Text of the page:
Researchers at the Department of Energy’s Pacific Northwest National Laboratory (PNLL), along with experts from industry and academia, have developed predictive engineering tools for designing economical, lightweight automotive composites.

This approach should speed the development of more low-cost carbon fibre composite materials.

Lower cost, lighter weight materials are needed for improved fuel efficiency.

Reducing the weight of vehicles is one of many ways auto manufacturers are looking to improve the fuel efficiency of cars and trucks. Indeed, reducing the weight of a vehicle by 10 percent yields a 6–8 percent improvement in fuel economy.

One of the most promising lightweight material systems to replace heavy steel on automobiles is carbon fibre reinforced plastics.

However, while stronger and lighter than steel, carbon fibre composites are relatively expensive, resulting in the need for judicious use of the material.

For widespread adoption of carbon fibre to occur, new, economical composites that meet mechanical and safety requirements—such as long carbon fibre-reinforced thermoplastic resins with polypropylene and polyamide as matrix materials—need to be developed.

Carbon fibre properties, however, are more complicated to model than metal properties as carbon fibre composites depend on complex features such as the fibre loading as well as fibre length distribution and fibre orientation that occur in the material due to the manufacturing process.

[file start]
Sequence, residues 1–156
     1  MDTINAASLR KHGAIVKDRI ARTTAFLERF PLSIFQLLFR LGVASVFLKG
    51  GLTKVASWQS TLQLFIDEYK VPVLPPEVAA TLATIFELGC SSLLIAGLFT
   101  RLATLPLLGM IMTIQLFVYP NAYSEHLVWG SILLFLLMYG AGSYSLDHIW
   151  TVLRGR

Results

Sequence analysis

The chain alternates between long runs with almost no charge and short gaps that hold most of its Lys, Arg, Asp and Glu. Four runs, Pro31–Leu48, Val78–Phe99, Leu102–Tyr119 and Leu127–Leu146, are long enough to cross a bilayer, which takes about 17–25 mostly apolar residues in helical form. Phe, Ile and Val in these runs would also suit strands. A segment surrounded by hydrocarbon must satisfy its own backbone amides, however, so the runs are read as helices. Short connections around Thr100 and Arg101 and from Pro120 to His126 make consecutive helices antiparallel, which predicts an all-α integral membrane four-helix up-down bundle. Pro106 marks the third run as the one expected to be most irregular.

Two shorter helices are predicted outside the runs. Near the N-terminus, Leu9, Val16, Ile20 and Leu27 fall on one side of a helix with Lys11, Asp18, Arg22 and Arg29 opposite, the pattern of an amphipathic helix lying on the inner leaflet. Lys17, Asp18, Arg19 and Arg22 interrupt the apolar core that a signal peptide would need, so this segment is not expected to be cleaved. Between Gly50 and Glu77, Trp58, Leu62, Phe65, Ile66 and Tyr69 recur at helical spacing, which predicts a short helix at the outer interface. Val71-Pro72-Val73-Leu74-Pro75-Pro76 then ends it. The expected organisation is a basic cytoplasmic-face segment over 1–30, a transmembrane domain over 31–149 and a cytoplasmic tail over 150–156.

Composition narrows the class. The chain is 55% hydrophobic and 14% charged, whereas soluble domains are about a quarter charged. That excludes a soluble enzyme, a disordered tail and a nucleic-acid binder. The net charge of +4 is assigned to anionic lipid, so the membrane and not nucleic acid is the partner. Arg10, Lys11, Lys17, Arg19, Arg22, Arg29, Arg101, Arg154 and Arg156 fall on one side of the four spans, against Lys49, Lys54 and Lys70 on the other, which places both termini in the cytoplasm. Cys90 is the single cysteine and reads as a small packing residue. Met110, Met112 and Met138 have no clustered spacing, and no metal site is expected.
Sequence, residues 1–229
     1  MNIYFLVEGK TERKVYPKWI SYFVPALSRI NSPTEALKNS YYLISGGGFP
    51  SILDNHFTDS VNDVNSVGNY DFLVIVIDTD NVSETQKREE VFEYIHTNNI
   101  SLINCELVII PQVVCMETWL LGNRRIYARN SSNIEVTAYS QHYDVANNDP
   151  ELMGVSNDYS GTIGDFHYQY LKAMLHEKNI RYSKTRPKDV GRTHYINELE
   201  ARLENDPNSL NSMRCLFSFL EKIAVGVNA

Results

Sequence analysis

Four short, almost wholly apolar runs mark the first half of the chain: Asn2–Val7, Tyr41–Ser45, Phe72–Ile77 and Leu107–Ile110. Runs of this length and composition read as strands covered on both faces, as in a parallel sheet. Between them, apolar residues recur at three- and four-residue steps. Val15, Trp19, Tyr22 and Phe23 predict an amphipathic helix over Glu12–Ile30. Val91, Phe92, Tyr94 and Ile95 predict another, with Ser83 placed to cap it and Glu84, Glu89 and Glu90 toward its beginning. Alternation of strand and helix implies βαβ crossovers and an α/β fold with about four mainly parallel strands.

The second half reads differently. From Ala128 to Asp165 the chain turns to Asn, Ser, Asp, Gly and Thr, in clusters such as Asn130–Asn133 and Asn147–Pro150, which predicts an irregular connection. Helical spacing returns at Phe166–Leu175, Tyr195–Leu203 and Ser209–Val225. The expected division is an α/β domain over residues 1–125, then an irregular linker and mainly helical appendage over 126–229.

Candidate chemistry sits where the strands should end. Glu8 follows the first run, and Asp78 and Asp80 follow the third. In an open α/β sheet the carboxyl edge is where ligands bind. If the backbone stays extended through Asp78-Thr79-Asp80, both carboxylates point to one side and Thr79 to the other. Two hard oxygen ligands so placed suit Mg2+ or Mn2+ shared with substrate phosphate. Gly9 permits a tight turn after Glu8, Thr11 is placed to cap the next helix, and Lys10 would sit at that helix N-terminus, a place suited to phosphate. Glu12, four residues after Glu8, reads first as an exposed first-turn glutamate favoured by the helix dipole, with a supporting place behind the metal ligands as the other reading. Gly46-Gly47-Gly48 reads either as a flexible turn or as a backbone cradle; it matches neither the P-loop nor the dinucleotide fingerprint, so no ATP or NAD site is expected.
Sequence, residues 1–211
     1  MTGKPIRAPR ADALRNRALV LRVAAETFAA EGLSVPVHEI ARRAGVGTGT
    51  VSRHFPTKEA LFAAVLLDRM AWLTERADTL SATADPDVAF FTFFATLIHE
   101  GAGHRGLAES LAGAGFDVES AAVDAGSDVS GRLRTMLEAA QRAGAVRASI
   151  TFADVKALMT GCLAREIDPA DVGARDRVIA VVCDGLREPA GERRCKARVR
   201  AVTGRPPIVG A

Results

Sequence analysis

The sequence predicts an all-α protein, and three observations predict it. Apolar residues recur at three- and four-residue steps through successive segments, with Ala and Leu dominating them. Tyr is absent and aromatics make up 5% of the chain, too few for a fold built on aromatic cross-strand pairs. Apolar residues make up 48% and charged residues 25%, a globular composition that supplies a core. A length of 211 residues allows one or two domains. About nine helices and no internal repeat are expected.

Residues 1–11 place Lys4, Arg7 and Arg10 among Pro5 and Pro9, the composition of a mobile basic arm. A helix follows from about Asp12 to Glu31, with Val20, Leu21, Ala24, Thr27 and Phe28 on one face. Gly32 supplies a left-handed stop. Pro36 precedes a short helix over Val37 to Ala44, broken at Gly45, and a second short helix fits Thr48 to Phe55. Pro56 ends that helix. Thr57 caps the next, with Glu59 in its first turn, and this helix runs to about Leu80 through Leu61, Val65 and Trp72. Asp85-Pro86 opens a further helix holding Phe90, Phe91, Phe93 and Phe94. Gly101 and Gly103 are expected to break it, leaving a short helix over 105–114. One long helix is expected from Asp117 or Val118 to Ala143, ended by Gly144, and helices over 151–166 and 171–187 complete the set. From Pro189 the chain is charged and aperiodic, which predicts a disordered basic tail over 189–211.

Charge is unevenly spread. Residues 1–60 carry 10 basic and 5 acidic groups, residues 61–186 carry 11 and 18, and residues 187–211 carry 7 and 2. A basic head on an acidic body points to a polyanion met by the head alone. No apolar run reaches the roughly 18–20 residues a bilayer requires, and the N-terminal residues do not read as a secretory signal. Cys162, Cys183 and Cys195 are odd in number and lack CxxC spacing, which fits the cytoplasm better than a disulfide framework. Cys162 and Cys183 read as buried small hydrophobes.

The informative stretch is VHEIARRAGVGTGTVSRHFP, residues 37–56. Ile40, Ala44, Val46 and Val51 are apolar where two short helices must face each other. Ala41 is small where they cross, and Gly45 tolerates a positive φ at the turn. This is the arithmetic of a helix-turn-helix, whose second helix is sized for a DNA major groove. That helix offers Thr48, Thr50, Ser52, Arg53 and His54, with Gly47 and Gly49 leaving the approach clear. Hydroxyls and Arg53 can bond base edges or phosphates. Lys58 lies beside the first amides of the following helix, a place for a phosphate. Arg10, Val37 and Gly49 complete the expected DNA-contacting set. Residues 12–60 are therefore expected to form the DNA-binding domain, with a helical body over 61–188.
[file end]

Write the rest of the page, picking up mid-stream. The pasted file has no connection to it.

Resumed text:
Current development processes for composite components require carmakers to build moulds, mould parts, and test them. It is a long, arduous process, slowing the advance of new, more cost-effective carbon fibre composites in automobiles.

Using the engineering software validated by the PNNL-lead team, manufactures will be able to “see” what the structural characteristics of proposed carbon fibre composites designs would be like before they are molded. The tools allow manufacturers and auto part designers to experiment and explore new ideas at a much faster rate.

Source: plasticstoday.com

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